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Wittman Discusses FY24 NDAA, AUKUS Security Pact, Submarine Industrial Base, Shipbuilding at POLITICO Defense Summit

This week, Congressman Rob Wittman, vice chairman of the House Armed Services Committee (HASC), discussed the Senate’s holdup of the Fiscal Year 2024 National Defense Authorization Act (NDAA) conference process, supplemental funding for the U.S. submarine industrial base, U.S. shipbuilding, and the security pact between Australia, the United Kingdom, and the United States, known as “AUKUS.”

The congressman was joined on the panel by Rep. Joe Courtney (D-CT), who serves as ranking member of the HASC Seapower and Projection Forces Subcommittee, of which Rep. Wittman previously served as chairman.

(Watch the panel discussion here)

On the Senate’s delay in advancing the NDAA:

“In my timeframe and how the Senate operates, if they don't assign and go to conference by the end of this week, it makes it incredibly difficult to get it done before the end of the year without the ping pong, as you said. And that is members and staff going back and forth about the provisions that we have differences on and trying to find a way forward and then consulting with, as it's called, the Big Four, the chairman and ranking member of the House and Senate. So that's a more likely scenario is we don't get a motion to go to a conference this week out of the Senate.”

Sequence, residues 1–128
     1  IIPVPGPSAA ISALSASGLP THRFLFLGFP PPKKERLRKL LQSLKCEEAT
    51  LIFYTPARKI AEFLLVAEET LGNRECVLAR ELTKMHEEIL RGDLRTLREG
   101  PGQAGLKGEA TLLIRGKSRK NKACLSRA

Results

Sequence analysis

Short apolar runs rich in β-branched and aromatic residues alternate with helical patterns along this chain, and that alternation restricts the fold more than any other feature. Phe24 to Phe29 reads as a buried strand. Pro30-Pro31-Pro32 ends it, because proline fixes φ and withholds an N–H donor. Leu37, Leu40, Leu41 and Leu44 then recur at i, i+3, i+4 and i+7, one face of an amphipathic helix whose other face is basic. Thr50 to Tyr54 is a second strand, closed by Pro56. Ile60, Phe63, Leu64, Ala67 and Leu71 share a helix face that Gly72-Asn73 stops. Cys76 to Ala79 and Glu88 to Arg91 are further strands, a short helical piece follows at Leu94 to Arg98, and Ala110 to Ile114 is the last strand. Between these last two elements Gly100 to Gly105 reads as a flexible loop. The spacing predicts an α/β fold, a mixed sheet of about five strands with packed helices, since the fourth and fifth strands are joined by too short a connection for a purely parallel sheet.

On supplemental funding for the U.S. submarine industrial base:

“Joe and I have been fighting for that for years. We wish it had come years ago. … [The additional funding for the submarine industrial base is] one of the things in the supplemental that I agree with, I think those are the places where we need to make things happen. … And with all the other challenges that are out there as well as making sure that we have improvements to our shipyards or ship repair yards.”

On the AUKUS security pact to counter the Chinese Communist Party's aggression:

“AUKUS needs to result in a net increase in submarines among the three nations. We want to ensure it helps our industrial base, contributing to the growth of the Australian industrial base. We've discussed milestones for organic capacity with Australian officials. The enterprise is on track, but it's a complex and challenging task. It requires a focused effort to make sure the results benefit all nations involved. The progress made so far, the supplemental request, and the Australians' investment amount to $6.4 billion. This influx is significant, considering the workforce needed to build Columbia and Virginia-class submarines. The trajectory looks promising, but we need a steady demand signal to grow the submarine industrial base.”

On shipbuilding’s role in U.S. military power:

“It's about time people recognize the U.S. Navy's influence on global actors. The Navy is the tip of the spear, and our sailors and Marines, no matter how skilled, can't walk on water. We need to build more ships, and the right number is 355. 

“The requirement of 66 attack submarines won't be met until 2049. We need to accelerate that timeline, as it's the one area where we maintain tactical superiority against adversaries worldwide.”